Before 1970, Oman was underdeveloped and clearly lagging behind many of its Middle Eastern neighbors. When Qaboos bin Said al Said, the current head of state of Oman, entered the picture, everything changed. Education, infrastructure, and more importantly, tourism were developed in this country clearly on the crossroads of the powerful Gulf region.

Tourists that come to the country quickly discover the wealth of activities that can be done in Oman’s seas and deserts. Not only are Oman’s beaches good for swimming, some of them are also the breeding grounds of protected sea turtles who come to the shores every July to October to lay eggs, a sight not to be missed. Heading inland, visitors will come upon the vast desert that is the Rub al Khali, the Empty Quarter, a territory it shares with Saudi Arabia, Yemen, and the United Arab Emirates. The vast sand dunes are the perfect places to do desert excursions aboard either a camel or a 4x4 truck.

As for historical attractions, Oman does not hold back its grandeur as it is home to some of the grandest fortifications and castles in the region. The imposing Nizwa Fort in the bustling old city of Nizwa is one good example.

One particularly recommended activity is shopping in this country’s old souqs or markets. Omani silver in the form of jewelry and even rosewater holders are quite popular items sold in the markets. Real aficionados wanting a piece of Oman’s heritage to take home with them will need to find a good quality khanjar, a traditional dagger considered a national symbol, and one which appears on the Omani national flag.

Getting in is easy as most travelers, including those from the US, are offered a visa on arrival at the country’s main international gateway, Muscat International Airport. Those flying from the US, however, will need to transit in the regional hub of Doha before flying to Muscat. Traveling within the country is easy and comfortable, with coaches and minibuses being the main option for getting around. Otherwise, a car hire, preferably a four-wheel drive, is worth considering. This gives visitors the opportunity to really explore Oman’s great wilderness.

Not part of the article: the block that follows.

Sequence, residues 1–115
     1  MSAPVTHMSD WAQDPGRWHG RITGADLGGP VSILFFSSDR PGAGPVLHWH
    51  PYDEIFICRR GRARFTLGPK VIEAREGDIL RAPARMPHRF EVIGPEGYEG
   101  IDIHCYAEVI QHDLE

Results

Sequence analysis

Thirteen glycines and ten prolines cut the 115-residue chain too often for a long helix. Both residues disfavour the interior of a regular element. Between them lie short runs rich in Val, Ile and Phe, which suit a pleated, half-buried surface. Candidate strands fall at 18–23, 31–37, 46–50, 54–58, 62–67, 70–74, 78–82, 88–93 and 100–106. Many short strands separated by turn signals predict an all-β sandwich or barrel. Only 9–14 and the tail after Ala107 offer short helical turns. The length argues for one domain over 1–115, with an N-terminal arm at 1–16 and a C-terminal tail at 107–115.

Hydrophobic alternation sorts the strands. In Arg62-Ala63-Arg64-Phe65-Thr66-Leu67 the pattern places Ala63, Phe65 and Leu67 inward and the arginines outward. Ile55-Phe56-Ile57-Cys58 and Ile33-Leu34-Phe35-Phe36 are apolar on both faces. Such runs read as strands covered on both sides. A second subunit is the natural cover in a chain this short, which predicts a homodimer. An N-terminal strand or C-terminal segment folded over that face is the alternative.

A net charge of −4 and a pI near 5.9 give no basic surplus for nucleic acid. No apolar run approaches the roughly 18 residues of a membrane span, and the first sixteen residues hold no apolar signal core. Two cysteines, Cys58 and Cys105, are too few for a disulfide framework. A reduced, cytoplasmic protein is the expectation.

• Watch protected sea turtles in the Ras Al Jinz
  • Ride a camel through one of the greatest expanses of desert in the world, the Empty Quarter
  • Cruise along the rugged and beautiful Omani coastline aboard a traditional sailing vessel called a dhow
  • Learn about Omani history by visiting many of its old forts including Al Jalani Port and Al Mirani Port in Muscat, Bahla Fort in Bahla and the grand Nizwa Fort in Nizwa
  • Take a peek at how locals practice religion in the huge Sultan Qaboos Grand Mosque
  • Sample the distinct flavor of Omani cuisine with a delicious grilled kingfisher dish called mashuai
  • Haggle for the most famous of Oman’s souvenir items— silver
  • Join the grand festivities in the capital’s biggest event, the Muscat Festival